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Thursday’s Chicago Mobility Collaborative respectfully discussed multiple issues

All in all, the CMC meeting was an event where attendees could share diverse perspectives on traffic safety matters in a constructive way.

CDOT Commissioner Gia Biagi (in orange) at a community table with CDOT staff and attendees at a community table. Photo: CDOT

Last Thursday the Chicago Department of Transportation held a Chicago Mobility Collaborative meeting at the Hamilton Park Fieldhouse in Englewood. Once there, attendees broke out into community tables. Each table had a QR code, allowing people to submit ideas for table topics and send them to the CMC leadership. CMC would then get together and select the best ones for the next meeting.

The ground rules for discussion, as posted during the meeting, were as follows:

  1. Listen actively to understand others’ views and perspectives
  2. One person speaks at the time
  3. Seek clarity, avoid making assumptions
  4. Be accountable for your words and their impact
  5. Your experience is valuable and unique, and it is worth sharing
  6. Provide constructive criticism of ideas and projects, not of individuals

Though each table had a different subject, they would all work towards the same goals. 

Another community table at the meeting. Photo: CDOT

“The goal of the Chicago Community Collaborative is to establish a forum for meaningful participation, where collaboration is encouraged, learning is facilitated, partnerships are fostered, and where Chicagoans have a voice in the decision-making that impacts them,” said Peter Taylor from Friends of the Major Taylor Trail.

One table focused on bus rapid transit, with participants talking about road requirements, such as bus lane design matters. They also talked about the necessity of providing good pedestrian access to BRT stations. In addition they looked at before-and-after examples of roads with BRT. For example, The Loop Link corridor on Washington Street in the loop features a protected bike lane, an "island" bus stop, a bus lanes, two mixed-traffic lanes, and curbside car parking.

Another table talked about the relationship between safe bike infrastructure and local businesses. Participants suggested helping merchants better appreciate the value of protected bike lanes through an interactive and educational approach, which could include taking surveys or providing data from existing PBLs that helps highlight their benefits for bike riders and businesses.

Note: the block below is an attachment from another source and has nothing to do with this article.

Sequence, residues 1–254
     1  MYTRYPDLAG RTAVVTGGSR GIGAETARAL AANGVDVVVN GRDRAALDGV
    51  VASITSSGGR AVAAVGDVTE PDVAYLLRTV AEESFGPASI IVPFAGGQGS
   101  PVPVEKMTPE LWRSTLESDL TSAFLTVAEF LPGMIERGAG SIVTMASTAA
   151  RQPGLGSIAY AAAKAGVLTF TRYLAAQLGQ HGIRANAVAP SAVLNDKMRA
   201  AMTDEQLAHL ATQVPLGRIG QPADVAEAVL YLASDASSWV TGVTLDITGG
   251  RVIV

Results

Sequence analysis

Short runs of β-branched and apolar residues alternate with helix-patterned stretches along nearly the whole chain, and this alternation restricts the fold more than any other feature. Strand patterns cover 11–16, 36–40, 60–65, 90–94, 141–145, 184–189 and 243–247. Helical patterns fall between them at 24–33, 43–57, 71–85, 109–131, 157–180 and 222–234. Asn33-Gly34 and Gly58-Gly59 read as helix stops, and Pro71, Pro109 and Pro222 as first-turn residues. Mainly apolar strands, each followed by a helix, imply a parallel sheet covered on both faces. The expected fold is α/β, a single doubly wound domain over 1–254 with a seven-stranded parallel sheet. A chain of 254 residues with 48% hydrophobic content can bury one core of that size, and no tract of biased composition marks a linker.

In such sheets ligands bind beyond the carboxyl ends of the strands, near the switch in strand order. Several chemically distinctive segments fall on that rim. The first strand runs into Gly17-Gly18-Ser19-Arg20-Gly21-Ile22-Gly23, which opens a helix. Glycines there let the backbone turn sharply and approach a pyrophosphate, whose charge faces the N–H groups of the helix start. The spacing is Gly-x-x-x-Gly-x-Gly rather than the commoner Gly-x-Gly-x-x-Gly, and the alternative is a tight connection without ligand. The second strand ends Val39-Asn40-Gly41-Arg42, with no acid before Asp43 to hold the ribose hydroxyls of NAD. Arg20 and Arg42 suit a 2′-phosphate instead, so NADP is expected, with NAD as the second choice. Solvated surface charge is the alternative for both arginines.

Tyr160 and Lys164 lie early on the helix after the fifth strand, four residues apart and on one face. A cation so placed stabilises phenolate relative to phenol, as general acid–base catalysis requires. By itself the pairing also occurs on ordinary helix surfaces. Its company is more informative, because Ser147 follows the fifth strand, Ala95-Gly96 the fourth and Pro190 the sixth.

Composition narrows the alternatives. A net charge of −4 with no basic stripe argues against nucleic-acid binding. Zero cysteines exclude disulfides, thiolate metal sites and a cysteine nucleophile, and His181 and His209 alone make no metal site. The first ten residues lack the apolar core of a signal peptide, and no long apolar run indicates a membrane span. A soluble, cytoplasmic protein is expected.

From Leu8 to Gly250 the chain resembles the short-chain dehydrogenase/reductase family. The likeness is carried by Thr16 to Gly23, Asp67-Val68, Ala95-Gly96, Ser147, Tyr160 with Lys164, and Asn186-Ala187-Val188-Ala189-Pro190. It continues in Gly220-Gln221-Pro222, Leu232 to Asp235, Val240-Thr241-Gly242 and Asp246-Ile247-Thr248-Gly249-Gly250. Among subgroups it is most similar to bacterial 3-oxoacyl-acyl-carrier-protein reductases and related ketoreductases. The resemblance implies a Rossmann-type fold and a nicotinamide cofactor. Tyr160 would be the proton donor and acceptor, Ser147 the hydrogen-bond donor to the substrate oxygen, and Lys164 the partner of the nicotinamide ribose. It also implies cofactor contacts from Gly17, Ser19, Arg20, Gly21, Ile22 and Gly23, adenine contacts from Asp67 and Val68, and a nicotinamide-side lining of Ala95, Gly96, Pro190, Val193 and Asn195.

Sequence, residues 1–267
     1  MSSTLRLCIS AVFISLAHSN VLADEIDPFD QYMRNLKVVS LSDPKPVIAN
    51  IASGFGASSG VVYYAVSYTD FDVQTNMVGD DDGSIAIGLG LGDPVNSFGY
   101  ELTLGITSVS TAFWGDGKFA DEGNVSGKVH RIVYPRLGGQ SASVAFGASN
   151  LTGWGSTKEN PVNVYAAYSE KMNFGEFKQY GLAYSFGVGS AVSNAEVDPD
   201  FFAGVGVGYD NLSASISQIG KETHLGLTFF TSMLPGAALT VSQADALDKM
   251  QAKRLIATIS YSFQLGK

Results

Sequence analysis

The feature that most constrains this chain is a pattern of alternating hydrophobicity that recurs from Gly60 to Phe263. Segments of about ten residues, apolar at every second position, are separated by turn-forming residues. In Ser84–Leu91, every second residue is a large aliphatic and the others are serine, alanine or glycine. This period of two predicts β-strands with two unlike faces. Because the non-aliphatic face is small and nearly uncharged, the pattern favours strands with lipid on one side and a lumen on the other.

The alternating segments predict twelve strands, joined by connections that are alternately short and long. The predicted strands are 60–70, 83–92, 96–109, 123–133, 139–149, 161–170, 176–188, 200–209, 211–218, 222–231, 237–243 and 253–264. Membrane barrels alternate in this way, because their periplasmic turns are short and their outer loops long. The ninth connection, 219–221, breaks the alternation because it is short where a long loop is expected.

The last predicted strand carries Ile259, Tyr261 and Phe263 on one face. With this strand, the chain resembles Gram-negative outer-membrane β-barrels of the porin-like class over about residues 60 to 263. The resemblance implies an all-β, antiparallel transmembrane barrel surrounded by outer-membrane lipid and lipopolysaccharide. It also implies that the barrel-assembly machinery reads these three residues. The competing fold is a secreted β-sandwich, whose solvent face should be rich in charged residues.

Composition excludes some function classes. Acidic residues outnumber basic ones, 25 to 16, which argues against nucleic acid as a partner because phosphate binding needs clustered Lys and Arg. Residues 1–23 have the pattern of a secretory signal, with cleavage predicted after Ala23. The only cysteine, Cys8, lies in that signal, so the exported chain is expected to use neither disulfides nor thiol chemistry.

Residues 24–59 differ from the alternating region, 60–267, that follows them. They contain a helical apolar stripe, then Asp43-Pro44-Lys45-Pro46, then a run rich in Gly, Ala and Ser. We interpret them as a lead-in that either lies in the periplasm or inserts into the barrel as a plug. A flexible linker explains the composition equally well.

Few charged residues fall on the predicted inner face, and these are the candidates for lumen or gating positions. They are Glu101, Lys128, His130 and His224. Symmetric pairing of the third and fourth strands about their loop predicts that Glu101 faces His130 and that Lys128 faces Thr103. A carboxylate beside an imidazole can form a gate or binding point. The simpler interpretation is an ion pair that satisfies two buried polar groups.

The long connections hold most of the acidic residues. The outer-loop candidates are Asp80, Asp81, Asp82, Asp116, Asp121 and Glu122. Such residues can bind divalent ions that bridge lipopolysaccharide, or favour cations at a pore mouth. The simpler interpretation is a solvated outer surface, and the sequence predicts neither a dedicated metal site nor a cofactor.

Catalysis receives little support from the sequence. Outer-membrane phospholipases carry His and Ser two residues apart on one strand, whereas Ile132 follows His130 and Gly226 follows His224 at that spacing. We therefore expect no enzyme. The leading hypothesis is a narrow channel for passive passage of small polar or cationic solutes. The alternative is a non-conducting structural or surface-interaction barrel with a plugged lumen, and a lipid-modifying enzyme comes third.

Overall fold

Image from a recent CDOT open house on a proposed protected bike lane. Photo: Brian Quinn

Another group was a walking tour that went around the surrounding area. Besides talking about the history of Hamilton Park and the surrounding neighborhood, the tour guide also pointed out the local safety infrastructure investments, and where the gaps were. For instance, despite plenty of Divvy bikes being available at local stations, the guide argued that there wasn't enough comfortable bike routes in the area to encourage people to use them. They also talked about how even though Englewood is a cohesive community area with a lot of history, the neighborhood is split into multiple wards, makes it difficult to create a cohesive transportation plan for the area.

“I heard some people talk about the protected bike lanes, whereas that was a challenge for people who have a business, and it’s taking up parking spaces, right?" said Pha’tal Perkins, founder of the group Think Outside da Block, which holds popular community bike rides, among other events. "And so when I think about how Englewood is set up where we advocated for protective bike lanes and different things to know that some of our barriers were that we have five different aldermen. That means on 63rd, we can have bike lanes where on 64th we can absolutely have the next alderman think something different than the alderman in a different ward."

Another table discussed barriers to walking, cycling, and other forms of active mobility. An unanimous agreement among the group was that the most significant barrier was the possibility of being struck by a driver. They also agreed that ways to fix the issue include physical barriers like concrete curbs, as well as non-police enforcement, such as deputizing the city’s citizens with the 311 app or having a team run by CDOT that would be able to write tickets for driving and parking violations.

All in all, the CMC meeting was an event where attendees could share diverse perspectives on traffic safety matters in a constructive way.

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